The legal structure you choose for each university start-up has significant implications for potential liability, tax, and future funding rounds, yet this critical decision is often given little consideration. LLCs are gaining popularity with universities but bring with them several unique challenges, while S corps still have many proponents.
And beyond the business structure chosen, how your start-up’s legal documents are written — and the forethought given to unique issues universities face when forming new ventures – can either serve to protect your investments and your university, or leave it open to a host of complications and problems.
Technology Transfer Tactics’ Distance Learning Division has teamed up with an expert attorney and a tech transfer leader — both of whom specialize in university-based start-up formation and structure — to present a comprehensive distance learning program that will teach you the critical issues to consider in business structure, as well as the key document drafting strategies that prevent tax and legal problems while supporting the long-term goals of your technology commercialization programs.
Please join us for:
Choosing the Best Legal
Structure for University Start-ups
Please join Robert McGrath of Drexel University and Christopher Wright of McCausland Keen & Buckman when they take an in-depth look at the most critical, challenging, and often overlooked issues related business structure for university start-ups:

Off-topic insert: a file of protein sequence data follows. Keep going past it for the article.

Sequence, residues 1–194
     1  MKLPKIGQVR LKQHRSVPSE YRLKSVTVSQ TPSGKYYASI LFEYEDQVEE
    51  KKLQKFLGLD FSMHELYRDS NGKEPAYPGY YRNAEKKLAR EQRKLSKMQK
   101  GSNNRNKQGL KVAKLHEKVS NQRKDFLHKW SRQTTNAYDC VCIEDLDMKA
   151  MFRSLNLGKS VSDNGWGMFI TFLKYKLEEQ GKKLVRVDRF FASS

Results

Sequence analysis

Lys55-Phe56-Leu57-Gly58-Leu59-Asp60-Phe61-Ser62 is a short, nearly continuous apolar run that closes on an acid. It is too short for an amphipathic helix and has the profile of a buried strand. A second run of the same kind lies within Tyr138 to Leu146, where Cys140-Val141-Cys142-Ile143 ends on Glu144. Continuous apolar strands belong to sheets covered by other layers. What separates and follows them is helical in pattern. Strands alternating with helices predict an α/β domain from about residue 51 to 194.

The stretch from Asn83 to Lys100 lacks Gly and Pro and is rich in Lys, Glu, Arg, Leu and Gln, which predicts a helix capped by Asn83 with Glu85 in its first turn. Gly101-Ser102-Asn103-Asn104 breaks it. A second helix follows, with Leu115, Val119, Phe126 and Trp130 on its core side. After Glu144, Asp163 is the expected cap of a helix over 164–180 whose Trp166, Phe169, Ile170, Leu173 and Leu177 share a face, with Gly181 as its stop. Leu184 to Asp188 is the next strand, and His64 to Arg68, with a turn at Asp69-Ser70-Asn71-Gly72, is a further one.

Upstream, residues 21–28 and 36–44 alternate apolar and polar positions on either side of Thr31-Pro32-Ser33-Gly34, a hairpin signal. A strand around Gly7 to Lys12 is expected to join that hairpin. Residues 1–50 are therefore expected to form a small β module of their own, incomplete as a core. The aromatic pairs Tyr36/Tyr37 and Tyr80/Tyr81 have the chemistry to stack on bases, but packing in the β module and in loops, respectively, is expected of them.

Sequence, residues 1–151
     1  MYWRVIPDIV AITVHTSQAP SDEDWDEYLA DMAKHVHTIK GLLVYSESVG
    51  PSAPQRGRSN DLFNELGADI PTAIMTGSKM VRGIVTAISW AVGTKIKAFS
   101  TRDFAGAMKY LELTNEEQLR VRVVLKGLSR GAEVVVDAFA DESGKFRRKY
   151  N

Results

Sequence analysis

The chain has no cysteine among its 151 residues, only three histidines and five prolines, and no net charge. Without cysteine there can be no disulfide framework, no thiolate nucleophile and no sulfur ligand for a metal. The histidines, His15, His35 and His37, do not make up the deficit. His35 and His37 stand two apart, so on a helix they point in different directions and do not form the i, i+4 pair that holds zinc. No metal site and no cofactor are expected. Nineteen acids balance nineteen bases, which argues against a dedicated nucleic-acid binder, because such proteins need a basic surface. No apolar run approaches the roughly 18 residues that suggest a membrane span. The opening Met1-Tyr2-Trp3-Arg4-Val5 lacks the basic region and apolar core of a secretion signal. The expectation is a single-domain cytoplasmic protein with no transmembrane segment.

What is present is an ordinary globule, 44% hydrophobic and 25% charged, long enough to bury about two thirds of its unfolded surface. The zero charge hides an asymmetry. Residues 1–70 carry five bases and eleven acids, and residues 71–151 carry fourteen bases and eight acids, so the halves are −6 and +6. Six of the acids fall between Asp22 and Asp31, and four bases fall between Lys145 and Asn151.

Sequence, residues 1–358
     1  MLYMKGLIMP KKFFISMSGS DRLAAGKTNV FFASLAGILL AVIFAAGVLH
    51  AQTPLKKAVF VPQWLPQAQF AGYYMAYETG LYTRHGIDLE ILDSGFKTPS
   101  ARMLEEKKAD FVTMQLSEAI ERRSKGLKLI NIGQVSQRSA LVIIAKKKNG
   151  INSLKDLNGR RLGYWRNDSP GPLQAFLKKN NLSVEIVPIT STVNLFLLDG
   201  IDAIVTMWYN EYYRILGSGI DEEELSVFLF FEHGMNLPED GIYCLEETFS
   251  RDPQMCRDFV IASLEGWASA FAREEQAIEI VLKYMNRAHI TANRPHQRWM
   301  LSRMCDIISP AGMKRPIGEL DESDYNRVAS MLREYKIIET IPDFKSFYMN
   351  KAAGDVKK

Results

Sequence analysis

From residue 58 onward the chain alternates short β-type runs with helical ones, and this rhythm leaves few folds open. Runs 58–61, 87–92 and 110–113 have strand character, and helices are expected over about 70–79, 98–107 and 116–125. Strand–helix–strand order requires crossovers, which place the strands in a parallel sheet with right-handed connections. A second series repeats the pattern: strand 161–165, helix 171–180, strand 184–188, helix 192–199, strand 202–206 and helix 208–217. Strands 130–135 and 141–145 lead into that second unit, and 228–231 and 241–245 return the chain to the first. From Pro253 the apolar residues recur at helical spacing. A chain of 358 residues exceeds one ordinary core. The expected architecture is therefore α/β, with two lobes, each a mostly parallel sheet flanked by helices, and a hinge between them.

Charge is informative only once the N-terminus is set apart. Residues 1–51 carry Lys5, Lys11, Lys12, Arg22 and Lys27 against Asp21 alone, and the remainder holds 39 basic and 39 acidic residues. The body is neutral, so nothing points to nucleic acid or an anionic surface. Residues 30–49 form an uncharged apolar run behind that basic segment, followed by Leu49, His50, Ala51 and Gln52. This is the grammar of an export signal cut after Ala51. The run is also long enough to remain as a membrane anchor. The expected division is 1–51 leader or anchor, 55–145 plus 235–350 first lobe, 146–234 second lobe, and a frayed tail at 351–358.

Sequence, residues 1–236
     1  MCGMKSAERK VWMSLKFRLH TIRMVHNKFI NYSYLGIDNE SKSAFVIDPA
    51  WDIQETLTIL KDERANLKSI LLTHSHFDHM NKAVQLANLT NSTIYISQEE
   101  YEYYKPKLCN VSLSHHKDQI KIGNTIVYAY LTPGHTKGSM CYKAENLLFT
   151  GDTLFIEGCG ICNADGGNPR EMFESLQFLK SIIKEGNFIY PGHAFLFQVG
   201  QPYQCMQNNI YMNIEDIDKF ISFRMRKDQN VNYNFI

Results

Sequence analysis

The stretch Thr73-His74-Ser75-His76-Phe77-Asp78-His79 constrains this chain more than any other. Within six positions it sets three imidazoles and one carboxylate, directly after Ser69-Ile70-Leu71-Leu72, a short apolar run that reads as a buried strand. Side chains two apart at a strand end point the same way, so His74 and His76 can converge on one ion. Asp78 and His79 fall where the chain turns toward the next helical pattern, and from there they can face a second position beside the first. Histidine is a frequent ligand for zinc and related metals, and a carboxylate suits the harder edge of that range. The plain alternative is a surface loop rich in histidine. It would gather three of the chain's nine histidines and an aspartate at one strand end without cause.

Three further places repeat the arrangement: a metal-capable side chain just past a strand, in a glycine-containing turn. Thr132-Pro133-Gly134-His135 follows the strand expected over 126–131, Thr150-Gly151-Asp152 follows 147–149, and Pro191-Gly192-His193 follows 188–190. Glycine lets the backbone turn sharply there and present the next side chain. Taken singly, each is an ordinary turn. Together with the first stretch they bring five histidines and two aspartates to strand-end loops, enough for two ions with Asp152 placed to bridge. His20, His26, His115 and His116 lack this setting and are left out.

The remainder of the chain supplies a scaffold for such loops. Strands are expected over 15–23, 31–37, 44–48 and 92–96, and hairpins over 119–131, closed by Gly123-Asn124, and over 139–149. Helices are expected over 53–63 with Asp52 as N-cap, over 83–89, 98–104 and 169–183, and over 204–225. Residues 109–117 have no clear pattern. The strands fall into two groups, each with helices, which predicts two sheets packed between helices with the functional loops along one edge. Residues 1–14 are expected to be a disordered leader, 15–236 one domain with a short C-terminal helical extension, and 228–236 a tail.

- Considerations when taking equity in corporations
- What exactly is a Limited Liability Company – pros and cons
- Special challenges for LLC deals such as:
- Complex organizational documents
- Unrelated Business Taxable Income (UBTI) risks
- Concerns with IRS joint venture rules
- Allocation of risk and reward
- Complex Organizational Documents
- Few default rules (unlike a corporation)
- Expensive (but worth it?)
- What is UBTI and what makes non-profits steer clear?
- Joint Venture concerns such as:
- University is engaged in the business
- Certain activities prohibited
- Limited IRS guidelines
- Clarification of important warrant terms
- And much more…
PLUS: Get your specific questions answered in the Q&A portion of the program
Your Expert Presenters:
Robert McGrath, PhD
Senior Associate Vice Provost and Executive Director of Technology Commercialization
Dr. McGrath joined Drexel in 2005, and spent six years prior to that at the University of Pennsylvania serving as Director of Technology Licensing. Dr. McGrath has organized the Basic Licensing Course for the Association of University Technology Managers, and spoken about marketing university technologies, streamlining the deal making process at universities, and integrating commercialization with translational research. He has served as a consultant for venture capital firms, evaluating the technical strengths of investment opportunities, and currently serves as an advisor for Ben Franklin Technology Partners.
McCausland Keen & Buckman
Mr. Wright provides legal advice and counseling to entrepreneurs, technology companies, educational and research institutions, and equity investors in their transactional and intellectual property matters. Mr. Wright has 20 years of experience in contributing to the growth of technology companies, helping build promising ventures into successful companies, and facilitating educational institutions in achieving their licensing and commercialization objectives.